Pub Cruise (aka Cuddle Up with Your Partner Weekend)

Oct. 28, 29, and 30, 2016

To read the report and photos from this recent cruise, hosted by Diane and John Lugsdin, click the following link: pubcruise28oct16report.  Thanks to John Lugsdin and Steve West for this report.

September Cruise to Victoria Harbour

On September 20th, hosts Lynn and Michael Clark, Victoria Skinner and Denis Fortin on Selyna Rose, led Steve and Cindy West on Bodacious, Nancy and RB Bortz and friends on Effervescence l, Wendy and Kevin Vine on Deryn Mor, Kim and Karen Laidlaw on Nest Egg, Jean and Frederick Howell on Commitment, and Terri Skjaveland and David Cassidy on Aurora VIII to a wonderful sun-filled three days in Victoria.

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Four boats spent the first night at the Royal Victoria Yacht Club, where appies and dinner were shared aboard Nest Egg and Aurora VIII.

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In Victoria, we were all at the same dock at the Harbour Authority’s Causeway marina right below the Empress Hotel. The first day was spent doing individual activities such as visiting the Victoria Art Gallery, Emily Carr house, shopping, haircuts, and checking out pubs.

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After a very short rest, we all assembled on the dock for happy hour with amazing appetizers. Everyone outdid themselves. Then some of the crews went out to dinner, others to a play and the rest stayed behind to enjoy the ambience of being on their boats in downtown Victoria.

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Thursday saw us at the Ross Bay Cemetery for a guided tour by a member of the Old Cemeteries Society of Victoria, who are dedicated to researching, preserving and encouraging appreciation of Victoria’s heritage cemeteries. Such notables as Emily Carr, Sir James Douglas (B.C.’s first Governor), coal baron Robert Dunsmuir (who built Craigdarroch Castle), and Billy Barker (discoverer of gold at Barkerville), just to name a few, are buried there.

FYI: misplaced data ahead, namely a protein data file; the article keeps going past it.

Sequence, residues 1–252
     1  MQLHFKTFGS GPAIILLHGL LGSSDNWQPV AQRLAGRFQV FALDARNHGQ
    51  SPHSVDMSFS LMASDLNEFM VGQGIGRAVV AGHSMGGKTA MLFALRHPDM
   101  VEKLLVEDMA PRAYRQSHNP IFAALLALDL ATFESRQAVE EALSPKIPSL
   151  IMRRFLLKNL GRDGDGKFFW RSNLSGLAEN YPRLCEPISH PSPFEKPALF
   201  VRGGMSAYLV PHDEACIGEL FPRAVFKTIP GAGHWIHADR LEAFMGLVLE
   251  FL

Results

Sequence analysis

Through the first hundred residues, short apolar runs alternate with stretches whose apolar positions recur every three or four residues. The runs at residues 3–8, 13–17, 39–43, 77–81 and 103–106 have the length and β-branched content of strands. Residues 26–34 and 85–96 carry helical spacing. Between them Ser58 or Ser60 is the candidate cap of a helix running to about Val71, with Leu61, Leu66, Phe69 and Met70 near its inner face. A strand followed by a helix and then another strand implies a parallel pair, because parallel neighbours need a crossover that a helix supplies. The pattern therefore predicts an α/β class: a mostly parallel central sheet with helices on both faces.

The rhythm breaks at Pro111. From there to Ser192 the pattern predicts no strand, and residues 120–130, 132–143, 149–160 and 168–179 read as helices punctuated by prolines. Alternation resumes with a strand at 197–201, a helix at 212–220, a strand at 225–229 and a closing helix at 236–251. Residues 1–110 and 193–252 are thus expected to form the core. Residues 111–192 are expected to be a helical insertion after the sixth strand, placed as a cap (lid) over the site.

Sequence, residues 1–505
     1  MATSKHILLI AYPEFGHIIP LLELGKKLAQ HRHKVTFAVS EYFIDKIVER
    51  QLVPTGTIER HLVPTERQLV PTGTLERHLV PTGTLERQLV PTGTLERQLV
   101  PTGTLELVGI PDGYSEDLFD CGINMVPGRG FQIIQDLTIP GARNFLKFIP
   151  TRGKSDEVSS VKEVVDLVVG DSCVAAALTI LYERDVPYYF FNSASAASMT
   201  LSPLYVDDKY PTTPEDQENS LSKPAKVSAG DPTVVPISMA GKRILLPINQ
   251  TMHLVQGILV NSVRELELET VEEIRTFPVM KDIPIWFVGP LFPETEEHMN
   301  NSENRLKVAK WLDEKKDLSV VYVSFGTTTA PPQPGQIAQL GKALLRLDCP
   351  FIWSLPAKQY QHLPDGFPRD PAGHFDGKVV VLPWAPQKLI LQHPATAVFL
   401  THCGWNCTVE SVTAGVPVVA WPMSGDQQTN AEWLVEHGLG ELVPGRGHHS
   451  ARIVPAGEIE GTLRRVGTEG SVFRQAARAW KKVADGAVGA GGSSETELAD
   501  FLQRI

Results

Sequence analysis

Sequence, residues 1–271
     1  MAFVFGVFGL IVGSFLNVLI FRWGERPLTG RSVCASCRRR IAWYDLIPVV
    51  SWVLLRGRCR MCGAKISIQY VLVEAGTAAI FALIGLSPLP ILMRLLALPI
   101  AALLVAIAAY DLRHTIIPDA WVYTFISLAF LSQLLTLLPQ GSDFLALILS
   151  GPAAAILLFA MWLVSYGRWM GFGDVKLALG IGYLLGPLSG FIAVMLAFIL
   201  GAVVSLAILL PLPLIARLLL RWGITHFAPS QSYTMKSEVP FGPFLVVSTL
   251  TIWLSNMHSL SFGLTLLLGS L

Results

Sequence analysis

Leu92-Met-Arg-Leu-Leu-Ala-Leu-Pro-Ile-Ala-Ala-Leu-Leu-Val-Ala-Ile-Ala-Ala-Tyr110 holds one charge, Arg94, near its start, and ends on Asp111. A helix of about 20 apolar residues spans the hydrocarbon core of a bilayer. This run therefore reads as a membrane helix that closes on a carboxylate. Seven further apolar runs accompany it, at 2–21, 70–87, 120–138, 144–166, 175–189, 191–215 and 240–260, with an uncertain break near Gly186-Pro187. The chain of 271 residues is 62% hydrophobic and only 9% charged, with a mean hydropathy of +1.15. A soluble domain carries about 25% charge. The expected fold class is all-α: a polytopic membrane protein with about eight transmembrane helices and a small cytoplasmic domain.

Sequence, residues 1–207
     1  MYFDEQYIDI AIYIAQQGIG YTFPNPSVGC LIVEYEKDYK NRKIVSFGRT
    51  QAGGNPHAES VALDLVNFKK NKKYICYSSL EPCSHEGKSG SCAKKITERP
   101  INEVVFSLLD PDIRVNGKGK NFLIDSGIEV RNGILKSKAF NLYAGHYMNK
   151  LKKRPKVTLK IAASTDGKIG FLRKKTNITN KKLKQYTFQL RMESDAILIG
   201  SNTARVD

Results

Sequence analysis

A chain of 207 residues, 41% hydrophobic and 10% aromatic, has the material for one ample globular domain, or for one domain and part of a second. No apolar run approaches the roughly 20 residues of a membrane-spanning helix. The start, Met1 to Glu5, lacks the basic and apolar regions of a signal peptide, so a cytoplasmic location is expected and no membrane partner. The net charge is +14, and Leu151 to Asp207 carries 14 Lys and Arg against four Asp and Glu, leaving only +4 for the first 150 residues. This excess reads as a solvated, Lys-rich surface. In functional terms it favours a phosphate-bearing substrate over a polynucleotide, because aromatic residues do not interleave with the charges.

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That night, Michael and Lynn, who are members of the Union Club, had made arrangements for us to go there for dinner. They were offering an extensive Indian buffet, a pre-set 3 course meal, and a good selection off the menu. We were all impressed by the quality of the food and the friendly welcome we received. Derek Emmerson and Glenys Prince joined us at the Union Club for dinner.

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Friday saw a few of us leaving for home at 6:30 a.m., in the dark and the rain, looking forward to help from tides and wind (for those of us who sailed) and seeing a very quick return home. Those who left it much later to depart were not quite as lucky, experiencing all that a front going through Haro Strait can come up with.

This is the second such trip to Victoria, in the same location and same time period; perhaps this can become an annual event, as there is always so much to see and do in this delightful city.  (Report by Victoria Skinner)


Open Boat Cruise Lots of Fun!

 The fleet consisted of Dave & Carmen (guests of the Club) in their outrigger sailing canoe “Easy Rider”, Rob & Nighean in the canoe “Clipper”, and Bernadette in her wooden rowing skiff “Snug”, plus two wonderful mother ships, the Barrios’ “Blue Peter” and the De Jongs’ “Kind Heart”.  We were also joined by Derek & Glenys on “Oracle” and Wayne & Karen on “Nauti Lady”.